How to circumvent Sysmon



Sysmon is a tool written by Mark Russinovich that I have covered in multiple blog post and even wrote a PowerShell module called Posh-Sysmon to help with the generation of configuration files for it. Its main purpose is for the tracking of potentially malicious activity on individual hosts and it is based on the same technology as Procmon. It differs from other Sysinternals tools in that Sysmon is actually installed on the host and saves its information in to the Windows Eventlog so it is easier to be able to collect the information with the use of SIEM (Security Information and Event Management) tools.

Sysmon has the capability to log information for:

  • Process Creation and Termination

  • Process changing a file creation time.

  • Network Connection

  • Driver Load

  • Image Load

  • CreateRemoteThread

  • Raw Access Read of a file

  • A process opens another process memory

  • File Creation

  • Registry Events

  • Pipe Events

  • WMI Permanent Events

All of the logging is based on rules you specify using the sysmon.exe tool and saved in to the registry. Most enterprise environments will deploy Sysmon via package management and then push rules via the registry by pushing the binary blob to the hosts.

Detect Control

As offensive operators the first thing we need to do is identify if Sysmon is present on the system. Normally when we install Sysmon on a system it will create a service to load a driver, the registry key that will store the configuration for the service and the driver and install an event manifest to define the events and create the event log where it will put the events it generates so they can be collected. So, we have multiple places we can look. But sadly, most attackers are creatures of habit and will many times stick to the simplest solution that gives them the most bag for the buck you can say. In the case of detecting controls there is no difference most will perform one of the following actions:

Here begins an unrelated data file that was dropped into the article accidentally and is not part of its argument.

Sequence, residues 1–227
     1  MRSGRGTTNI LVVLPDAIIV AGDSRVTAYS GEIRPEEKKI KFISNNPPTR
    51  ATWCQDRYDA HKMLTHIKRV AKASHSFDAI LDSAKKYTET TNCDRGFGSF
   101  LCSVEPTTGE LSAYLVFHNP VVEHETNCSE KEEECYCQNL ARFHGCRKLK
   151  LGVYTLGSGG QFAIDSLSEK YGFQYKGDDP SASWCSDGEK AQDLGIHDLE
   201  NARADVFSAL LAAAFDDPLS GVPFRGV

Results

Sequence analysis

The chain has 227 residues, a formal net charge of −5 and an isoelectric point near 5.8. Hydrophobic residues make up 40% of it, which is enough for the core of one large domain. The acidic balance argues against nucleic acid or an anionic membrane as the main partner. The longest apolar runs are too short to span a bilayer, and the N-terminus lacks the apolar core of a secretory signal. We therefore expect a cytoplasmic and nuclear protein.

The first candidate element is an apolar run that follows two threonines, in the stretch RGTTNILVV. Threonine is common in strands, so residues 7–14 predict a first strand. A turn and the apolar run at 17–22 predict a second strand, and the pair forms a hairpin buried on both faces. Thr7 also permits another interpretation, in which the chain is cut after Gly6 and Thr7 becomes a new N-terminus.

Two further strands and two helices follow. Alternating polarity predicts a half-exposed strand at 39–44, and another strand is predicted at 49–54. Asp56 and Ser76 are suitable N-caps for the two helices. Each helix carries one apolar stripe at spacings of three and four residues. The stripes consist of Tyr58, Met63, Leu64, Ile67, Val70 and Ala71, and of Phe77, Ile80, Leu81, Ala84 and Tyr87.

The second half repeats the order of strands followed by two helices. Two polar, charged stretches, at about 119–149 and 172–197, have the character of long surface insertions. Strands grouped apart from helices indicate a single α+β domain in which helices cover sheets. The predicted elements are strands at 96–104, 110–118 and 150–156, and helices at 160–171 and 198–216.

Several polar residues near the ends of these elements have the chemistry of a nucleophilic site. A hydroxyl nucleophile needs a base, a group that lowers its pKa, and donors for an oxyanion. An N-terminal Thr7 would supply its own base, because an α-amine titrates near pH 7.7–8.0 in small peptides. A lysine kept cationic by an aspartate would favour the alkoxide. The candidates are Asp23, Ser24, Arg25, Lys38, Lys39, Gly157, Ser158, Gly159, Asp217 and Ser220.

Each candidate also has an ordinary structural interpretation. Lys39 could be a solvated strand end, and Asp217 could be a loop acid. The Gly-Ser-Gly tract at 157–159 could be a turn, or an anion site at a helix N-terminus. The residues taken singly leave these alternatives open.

The most common one is the listing of drivers since EDR solutions like Cylance will hide the service name depending how you call it and some solutions do not have processes running.

For this very reason Sysmon implement a feature where you can change the name of the exe and the driver so as to obfuscate its presence on the system.

To change the name of the service and the process you just rename the sysmon executable to whatever name you want. This is useful but as we can see in the output bellow the driver is not renamed.

Original links

Operating Offensively Against Sysmon